There are hints of some inner turmoil within Bobby; he awkwardly tries to talk about things with his wife but can’t. A photo of Bobby in military uniform suggests what this anxiety could be, but nothing is certain, and it doesn’t need to be. There isn’t a clear or singular reason why he feels compelled to murder people, for Bobby’s compulsion isn’t uniquely his. He’s evocative of a wider sickness in the fabric of 1960s America, a country whose leaders were embroiled in a bloodthirsty imperialist crusade in Vietnam, whose civil rights leaders were being assassinated, and whose culture was struggling and succeeding to reflect this upheaval. Maybe the American Dream is a lie, or maybe this is what happens to its beneficiaries. Bobby has it all, why stop there?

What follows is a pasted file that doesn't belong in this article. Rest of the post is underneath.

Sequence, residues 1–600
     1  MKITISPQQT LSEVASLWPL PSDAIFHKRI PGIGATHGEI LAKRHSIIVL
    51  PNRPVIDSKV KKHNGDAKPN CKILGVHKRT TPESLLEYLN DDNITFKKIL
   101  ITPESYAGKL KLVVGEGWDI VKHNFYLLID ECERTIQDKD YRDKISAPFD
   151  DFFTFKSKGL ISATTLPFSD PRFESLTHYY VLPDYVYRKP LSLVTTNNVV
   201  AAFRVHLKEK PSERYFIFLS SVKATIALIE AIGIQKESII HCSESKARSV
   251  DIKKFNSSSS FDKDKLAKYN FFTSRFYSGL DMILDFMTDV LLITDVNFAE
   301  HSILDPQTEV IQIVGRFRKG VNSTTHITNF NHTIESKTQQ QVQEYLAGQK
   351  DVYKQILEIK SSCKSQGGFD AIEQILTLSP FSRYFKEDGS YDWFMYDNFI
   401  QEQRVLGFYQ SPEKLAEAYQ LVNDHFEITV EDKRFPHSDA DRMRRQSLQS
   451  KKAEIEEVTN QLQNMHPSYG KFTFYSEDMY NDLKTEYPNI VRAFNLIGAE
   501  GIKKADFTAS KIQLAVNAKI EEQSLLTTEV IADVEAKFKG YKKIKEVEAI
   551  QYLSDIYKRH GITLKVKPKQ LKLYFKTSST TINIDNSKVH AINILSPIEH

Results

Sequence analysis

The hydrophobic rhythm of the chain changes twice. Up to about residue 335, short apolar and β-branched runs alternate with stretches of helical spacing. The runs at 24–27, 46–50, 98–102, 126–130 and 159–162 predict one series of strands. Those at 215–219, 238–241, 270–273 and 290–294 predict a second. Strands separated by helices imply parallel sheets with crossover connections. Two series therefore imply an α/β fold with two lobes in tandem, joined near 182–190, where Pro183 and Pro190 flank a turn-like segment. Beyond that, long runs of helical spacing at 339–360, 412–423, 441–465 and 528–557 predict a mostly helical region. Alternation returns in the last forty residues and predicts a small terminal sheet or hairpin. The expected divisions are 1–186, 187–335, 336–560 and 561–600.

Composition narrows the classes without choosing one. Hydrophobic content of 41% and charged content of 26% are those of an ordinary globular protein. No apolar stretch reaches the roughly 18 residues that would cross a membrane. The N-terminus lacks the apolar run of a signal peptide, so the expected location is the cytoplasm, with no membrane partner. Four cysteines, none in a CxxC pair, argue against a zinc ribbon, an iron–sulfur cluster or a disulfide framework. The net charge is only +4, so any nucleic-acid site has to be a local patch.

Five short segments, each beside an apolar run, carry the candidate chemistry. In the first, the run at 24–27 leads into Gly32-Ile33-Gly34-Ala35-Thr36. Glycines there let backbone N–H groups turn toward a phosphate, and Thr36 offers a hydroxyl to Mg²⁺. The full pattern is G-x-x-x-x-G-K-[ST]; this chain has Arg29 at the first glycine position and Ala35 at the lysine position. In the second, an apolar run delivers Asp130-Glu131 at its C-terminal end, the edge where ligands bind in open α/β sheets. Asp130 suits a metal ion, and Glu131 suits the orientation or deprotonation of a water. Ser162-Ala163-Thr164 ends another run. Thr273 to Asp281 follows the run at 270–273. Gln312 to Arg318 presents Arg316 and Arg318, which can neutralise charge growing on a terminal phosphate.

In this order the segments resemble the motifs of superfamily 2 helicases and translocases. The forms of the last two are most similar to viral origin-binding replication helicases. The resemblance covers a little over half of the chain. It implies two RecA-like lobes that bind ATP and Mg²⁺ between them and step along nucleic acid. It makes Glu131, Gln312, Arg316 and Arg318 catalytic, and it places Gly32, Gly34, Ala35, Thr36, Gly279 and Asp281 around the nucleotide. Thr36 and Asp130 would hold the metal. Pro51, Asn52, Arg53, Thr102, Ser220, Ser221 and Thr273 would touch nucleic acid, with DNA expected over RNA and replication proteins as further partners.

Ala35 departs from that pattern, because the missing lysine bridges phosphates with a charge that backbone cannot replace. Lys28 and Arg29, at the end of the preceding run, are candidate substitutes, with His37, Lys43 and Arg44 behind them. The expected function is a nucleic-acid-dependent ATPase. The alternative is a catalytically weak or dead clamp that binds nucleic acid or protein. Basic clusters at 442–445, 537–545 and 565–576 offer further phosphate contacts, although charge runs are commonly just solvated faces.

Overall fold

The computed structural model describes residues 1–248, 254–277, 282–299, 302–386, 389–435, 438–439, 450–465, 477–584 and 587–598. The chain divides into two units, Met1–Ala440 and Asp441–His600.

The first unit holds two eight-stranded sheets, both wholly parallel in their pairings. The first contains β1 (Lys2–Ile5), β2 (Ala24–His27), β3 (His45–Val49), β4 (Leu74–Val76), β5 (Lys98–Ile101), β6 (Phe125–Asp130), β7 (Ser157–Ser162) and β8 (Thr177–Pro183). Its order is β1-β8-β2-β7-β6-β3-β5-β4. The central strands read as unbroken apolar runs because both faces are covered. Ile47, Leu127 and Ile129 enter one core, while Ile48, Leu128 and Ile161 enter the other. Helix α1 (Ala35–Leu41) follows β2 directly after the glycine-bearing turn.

When Byron and Bobby meet at the film’s end, the retiring actor sees the face of the world he believes has surpassed him and his horror film legacy. But there’s no spectacle. In fact, Bobby seems rather pathetic and small – because he is. All throughout the film, Orlack’s thoughts on obsolescence have remained abstract. But now they’re here in the flesh: a young man with everything who decided to murder as many people as he could. Orlack looks at him in bewilderment. The face behind the terrible headlines isn’t some monster any worse than those played by Orlack, it’s just a sad and entitled America looking back at us like a spoiled child caught misbehaving. The increased visibility of cruelty in late-sixties America is far scarier than any spook or ghoul, and so Orlack (and Karloff) slips out into the night.